Marine contagious metastases
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What is it a contagious cancer?
Cancer occurs when a single cell in the body acquires genetic changes that drive inappropriate cell proliferation. Once initiated, cancer evolves by natural selection, often producing cell lineages that spread through the host by a process called metastasis (Murchison EP, 2016). However, cancer does not normally spread beyond the host’s body.
A contagious cancer or clonal transmissible cancer is spread directly by the transfer of cells between individuals.
Are they caused by a virus or pathogen?
No. Some tumors are induced by infectious agents such as viruses, and though these agents can be contagious, each tumor still arises in the infected individual by transformation of somatic cells (Metzger MJ, 2015). In contagious cancer cases, a tumor cell itself naturally spreads among individuals as a transmissible cell line.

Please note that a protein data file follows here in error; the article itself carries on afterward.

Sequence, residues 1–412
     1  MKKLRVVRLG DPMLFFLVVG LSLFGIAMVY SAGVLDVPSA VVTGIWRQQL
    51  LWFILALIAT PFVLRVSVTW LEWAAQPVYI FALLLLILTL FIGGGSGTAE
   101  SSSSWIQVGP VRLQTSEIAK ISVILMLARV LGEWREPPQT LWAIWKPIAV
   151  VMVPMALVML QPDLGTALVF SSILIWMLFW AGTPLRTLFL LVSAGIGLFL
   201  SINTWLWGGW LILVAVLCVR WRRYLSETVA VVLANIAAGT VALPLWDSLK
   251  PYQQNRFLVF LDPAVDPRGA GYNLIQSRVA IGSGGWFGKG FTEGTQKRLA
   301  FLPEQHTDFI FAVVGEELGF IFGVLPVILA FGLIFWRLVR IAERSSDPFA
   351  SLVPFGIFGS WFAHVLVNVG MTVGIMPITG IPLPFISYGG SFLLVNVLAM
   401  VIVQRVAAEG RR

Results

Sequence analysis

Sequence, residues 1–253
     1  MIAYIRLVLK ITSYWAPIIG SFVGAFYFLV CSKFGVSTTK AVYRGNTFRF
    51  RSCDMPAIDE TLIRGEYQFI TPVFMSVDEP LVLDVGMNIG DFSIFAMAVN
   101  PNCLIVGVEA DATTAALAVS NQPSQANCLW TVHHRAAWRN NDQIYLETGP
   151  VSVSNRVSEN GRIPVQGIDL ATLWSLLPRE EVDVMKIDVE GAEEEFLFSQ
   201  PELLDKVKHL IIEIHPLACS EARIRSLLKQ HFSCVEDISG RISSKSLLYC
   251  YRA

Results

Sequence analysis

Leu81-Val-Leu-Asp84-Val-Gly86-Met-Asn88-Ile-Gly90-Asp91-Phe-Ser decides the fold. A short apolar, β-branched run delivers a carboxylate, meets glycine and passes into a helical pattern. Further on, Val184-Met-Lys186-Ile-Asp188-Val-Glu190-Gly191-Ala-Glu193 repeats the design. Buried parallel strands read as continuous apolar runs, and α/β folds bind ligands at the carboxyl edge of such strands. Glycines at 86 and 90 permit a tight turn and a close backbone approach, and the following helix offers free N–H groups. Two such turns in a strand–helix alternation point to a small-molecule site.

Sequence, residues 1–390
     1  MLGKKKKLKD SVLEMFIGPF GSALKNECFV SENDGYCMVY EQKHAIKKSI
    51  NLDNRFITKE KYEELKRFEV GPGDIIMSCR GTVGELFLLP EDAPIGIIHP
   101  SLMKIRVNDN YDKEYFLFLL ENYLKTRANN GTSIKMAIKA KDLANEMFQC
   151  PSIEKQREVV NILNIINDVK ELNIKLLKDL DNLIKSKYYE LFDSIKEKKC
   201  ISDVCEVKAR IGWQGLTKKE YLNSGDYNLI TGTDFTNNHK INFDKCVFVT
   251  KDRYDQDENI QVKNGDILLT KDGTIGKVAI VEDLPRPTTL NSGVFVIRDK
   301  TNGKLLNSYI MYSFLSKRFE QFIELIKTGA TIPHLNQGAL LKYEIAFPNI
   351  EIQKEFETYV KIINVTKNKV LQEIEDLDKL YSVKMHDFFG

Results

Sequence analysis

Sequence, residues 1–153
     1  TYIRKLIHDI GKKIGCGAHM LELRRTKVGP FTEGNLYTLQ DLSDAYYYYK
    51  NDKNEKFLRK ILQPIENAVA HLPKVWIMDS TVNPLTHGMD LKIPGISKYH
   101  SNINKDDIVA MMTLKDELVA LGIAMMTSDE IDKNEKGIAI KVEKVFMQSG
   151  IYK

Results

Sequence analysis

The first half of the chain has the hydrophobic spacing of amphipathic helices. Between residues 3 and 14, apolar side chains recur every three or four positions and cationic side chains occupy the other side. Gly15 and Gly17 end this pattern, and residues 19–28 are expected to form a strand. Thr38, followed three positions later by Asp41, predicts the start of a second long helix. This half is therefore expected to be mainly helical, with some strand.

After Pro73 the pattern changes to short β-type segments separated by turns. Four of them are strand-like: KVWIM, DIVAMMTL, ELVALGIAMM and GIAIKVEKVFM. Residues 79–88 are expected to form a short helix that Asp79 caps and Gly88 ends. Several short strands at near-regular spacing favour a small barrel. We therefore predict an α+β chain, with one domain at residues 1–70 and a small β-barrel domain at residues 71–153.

What cases have been reported in nature?
Contagious cancers are known to occur in dogs (CTVT), Tasmanian devils (DFTD), and several marine bivalves (BTN).
Want to know more?
- TED talk: Fighting a contagious cancer (Tasmanian devil)
- Video: 11,000-year-old living dog cancer reveals its secrets (dogs)
- Video: Genetic causes of contagious metastases buried in the sandbed (bivalves - cockles). (Spanish audio, English/French subtitles)